She owed it to her father.
To her home.
Not your home.
She had to remind herself of that. There was no place for her here. Not anymore. All she had to do was step in for the next three months and then she could leave with a lighter conscience.
Dr. Pearson, the OB/GYN who was finishing his rotation in Wolf’s Harbor, would be waiting for her at the town’s clinic, where he’d hand over the keys to the clinic, and the furnished apartment they used during rotation, and would show her around before he drove back to Juneau.
The plane landed with a bump on the small gravel airstrip and the props slowed down as the Cessna taxied to the terminal. When it had come to a stop and shut down, the pilot hopped into gear, opening the door as the ground crew pushed over the stairwell, and Evelyn could feel the hatches being opened to unload the cargo.
The two other occupants—both men—grabbed their duffel bags and headed off the plane.
Evelyn took a deep breath. You got this.
She slung her laptop bag over her shoulder and unbuckled. When she stepped out of the Cessna she was hit by the scent of salt water, rain and damp. There was a clanging from the buoys out on the mist-shrouded water. It hadn’t changed.
Evelyn closed her eyes to stop the tears that were threatening.
“Come here, Evie.”
Her father held open his arms and she ran to him, pressing her face against the soft flannel jacket he wore.
“I love you, Daddy.”
Her dad kissed the top of her head and smiled, his blue-gray eyes twinkling.
“I love you, too, Evie.”
“Do you need help, miss?”
Evelyn shook the memory away and glanced down to see the pilot, in a flannel jacket that was similar to the one her father had used to wear, holding out his hand to her.
She straightened her spine and beamed brightly at him, taking his hand as he helped her down onto the Tarmac.
“Do you need help with your luggage?” the pilot asked.
“No, thank you. I’m okay.” Evelyn shifted the weight of her carry-on bag on her shoulder as she walked onto the chip-sealed portion of the airstrip. She picked up her suitcase from outside the plane, where it had been unloaded, and popped up the handle to roll it.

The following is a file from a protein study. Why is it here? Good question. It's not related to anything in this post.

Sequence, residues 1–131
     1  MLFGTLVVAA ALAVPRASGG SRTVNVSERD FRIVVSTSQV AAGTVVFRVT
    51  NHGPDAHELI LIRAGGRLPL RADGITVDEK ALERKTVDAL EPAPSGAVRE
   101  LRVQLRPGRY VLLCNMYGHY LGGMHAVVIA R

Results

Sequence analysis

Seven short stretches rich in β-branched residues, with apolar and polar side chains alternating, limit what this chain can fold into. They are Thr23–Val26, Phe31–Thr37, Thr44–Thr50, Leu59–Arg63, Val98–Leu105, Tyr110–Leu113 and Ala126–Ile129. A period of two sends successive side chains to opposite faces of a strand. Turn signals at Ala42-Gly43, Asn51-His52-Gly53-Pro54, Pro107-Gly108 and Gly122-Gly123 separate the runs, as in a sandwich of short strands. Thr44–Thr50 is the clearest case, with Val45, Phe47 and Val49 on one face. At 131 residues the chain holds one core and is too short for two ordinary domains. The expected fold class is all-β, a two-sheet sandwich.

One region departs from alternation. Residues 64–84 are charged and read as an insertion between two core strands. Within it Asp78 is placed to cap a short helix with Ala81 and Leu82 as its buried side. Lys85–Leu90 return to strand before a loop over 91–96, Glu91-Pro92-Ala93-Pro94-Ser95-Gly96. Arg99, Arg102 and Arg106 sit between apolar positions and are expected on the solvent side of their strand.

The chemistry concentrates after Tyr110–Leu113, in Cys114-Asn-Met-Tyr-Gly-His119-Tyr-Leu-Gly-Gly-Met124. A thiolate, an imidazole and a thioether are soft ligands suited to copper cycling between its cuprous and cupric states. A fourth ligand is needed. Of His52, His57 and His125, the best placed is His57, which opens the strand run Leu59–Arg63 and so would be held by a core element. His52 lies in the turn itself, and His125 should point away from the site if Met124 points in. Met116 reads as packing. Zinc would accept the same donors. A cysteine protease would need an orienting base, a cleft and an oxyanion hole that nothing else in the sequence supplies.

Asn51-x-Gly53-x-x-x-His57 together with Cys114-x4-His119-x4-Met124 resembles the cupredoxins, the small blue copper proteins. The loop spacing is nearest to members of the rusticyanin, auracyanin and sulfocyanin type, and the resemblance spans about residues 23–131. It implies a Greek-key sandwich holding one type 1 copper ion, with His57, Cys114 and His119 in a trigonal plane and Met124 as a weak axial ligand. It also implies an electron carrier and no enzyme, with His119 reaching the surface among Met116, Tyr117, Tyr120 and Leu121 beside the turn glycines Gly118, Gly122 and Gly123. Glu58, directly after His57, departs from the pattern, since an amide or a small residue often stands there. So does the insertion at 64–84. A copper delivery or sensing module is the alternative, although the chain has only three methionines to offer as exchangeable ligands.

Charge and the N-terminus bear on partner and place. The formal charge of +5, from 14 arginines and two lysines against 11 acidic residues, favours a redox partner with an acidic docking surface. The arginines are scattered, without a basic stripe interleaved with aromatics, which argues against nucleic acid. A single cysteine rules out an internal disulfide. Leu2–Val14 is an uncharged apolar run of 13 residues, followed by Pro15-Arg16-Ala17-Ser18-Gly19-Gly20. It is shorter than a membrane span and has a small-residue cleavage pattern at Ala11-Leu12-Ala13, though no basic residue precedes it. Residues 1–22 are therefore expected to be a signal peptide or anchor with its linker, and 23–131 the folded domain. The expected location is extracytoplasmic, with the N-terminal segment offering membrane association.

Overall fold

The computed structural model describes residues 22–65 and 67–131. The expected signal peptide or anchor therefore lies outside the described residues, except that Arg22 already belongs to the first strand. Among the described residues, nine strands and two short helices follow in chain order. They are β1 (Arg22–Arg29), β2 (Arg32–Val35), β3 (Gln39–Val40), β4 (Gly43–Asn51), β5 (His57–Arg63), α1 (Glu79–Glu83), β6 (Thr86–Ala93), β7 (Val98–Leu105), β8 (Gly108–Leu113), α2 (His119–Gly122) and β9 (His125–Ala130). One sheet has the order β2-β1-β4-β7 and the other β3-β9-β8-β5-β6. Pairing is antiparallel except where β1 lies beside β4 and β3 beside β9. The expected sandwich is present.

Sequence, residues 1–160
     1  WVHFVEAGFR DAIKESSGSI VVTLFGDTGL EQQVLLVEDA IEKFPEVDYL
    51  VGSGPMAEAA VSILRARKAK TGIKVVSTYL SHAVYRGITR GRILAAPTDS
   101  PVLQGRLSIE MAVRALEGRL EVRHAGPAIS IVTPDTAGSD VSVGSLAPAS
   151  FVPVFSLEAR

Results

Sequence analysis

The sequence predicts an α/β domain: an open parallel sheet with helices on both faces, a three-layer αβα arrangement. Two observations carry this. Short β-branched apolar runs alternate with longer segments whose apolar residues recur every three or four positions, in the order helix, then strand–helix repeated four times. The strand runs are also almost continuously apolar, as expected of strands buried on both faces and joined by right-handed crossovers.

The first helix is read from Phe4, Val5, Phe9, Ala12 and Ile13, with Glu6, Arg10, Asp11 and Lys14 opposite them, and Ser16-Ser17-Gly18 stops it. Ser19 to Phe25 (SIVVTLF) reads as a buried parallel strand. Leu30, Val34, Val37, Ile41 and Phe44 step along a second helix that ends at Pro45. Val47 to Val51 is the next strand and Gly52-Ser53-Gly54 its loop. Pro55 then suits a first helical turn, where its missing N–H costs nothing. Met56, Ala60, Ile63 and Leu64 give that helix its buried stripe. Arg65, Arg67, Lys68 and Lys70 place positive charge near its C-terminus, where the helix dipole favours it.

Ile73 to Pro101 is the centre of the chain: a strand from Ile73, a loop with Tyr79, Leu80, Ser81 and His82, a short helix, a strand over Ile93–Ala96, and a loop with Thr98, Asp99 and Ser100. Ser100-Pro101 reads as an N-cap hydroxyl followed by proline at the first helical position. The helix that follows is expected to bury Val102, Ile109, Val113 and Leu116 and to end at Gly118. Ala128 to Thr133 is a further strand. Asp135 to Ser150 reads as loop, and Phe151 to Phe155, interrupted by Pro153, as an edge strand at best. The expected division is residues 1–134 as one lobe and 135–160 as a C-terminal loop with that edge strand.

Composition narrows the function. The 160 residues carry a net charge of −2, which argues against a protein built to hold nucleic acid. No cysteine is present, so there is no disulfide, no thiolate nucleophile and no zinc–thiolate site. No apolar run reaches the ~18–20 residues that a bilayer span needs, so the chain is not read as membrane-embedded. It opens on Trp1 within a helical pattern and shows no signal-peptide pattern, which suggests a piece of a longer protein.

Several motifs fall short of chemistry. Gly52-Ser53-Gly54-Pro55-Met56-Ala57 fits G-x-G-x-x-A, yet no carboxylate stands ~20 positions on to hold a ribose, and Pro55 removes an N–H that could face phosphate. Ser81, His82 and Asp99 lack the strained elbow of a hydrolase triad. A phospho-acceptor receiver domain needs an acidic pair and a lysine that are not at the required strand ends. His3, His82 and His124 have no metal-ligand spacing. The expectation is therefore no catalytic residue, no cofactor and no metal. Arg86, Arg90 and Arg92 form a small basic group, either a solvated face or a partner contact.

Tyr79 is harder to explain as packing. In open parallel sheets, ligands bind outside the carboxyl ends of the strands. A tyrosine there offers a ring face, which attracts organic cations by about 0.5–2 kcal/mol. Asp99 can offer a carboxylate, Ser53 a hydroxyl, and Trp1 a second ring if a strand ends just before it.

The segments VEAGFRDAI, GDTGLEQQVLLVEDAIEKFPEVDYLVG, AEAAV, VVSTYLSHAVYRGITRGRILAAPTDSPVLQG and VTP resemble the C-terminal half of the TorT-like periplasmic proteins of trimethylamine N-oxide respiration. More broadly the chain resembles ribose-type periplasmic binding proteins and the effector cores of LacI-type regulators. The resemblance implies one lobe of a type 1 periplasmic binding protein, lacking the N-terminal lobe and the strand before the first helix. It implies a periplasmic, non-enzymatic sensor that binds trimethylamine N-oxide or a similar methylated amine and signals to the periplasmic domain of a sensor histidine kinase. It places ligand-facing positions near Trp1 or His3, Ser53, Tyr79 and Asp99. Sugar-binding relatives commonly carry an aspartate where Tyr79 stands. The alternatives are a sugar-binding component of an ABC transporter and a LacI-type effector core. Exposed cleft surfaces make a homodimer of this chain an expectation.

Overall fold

A gust of wind tossed her hair in her face and she cursed herself for not tying it back before she headed for the small terminal.
I wonder if anyone will remember who I am?
A knot formed in her stomach—because it had been twenty years since she had been taken away…twenty years since her father died. She remembered some faces, but she was sure most folks were long gone.
Like her maternal grandmother.
And her classmates at the small village school wouldn’t remember her.
It was for the best that they didn’t.
It was her fault her father had left that night in the rain and died. She should have stopped him.
She’d taken away Wolf’s Harbor’s finest doctor. Now she was here to make it right.
Or as right as she could in the limited amount of time she was here.
The terminal was quiet. Everyone was dealing with cargo, rather than the few passengers. The other two who had been on her plane were long gone. They had somewhere to go. Loved ones to see.
She had no one.
“Can I help you?”
Evelyn turned to the young woman who was manning the counter at the Wolf’s Harbor terminal.
“I’m looking for directions to the town clinic.”
The young woman smiled brightly. “It’s about a fifteen-minute walk from here. Do you want me to call you a taxi?”
“That would be great. Thank you,” Evelyn said, smiling back.
The young woman nodded, but didn’t pick up the phone. Instead she got up off her stool, and Evelyn saw the round belly of a pregnant woman under her hoodie.
The young woman opened the back door and shouted. “I have a fare for you!”
Evelyn’s pulse kicked up a notch, and she couldn’t help but wonder if it would be her Uncle Yazzie.
His had been the only taxi cab in town twenty years ago. When her father had been working endless hours at the clinic, or in Juneau at the hospital, Uncle Yazzie would come and pick her up every day in his taxi cab and take her to school. She’d often stay with him and her grandmother. Her mother’s people.
A young man of about twenty, who looked very familiar, came out from the back.
He beamed at her and held out his hand. “Can I take you someplace, miss?”
She didn’t answer as she racked her brain for how she knew this man.
“Are you okay, miss?” he asked, appearing slightly uncomfortable with her staring.
“Sorry, you look so familiar,” she said, before catching herself.
“Really? I look like my dad—or so they tell me.”
“Then it must be jet lag messing with me.” She rubbed her eyes. “I didn’t mean to gawk at you. Just déjà vu.”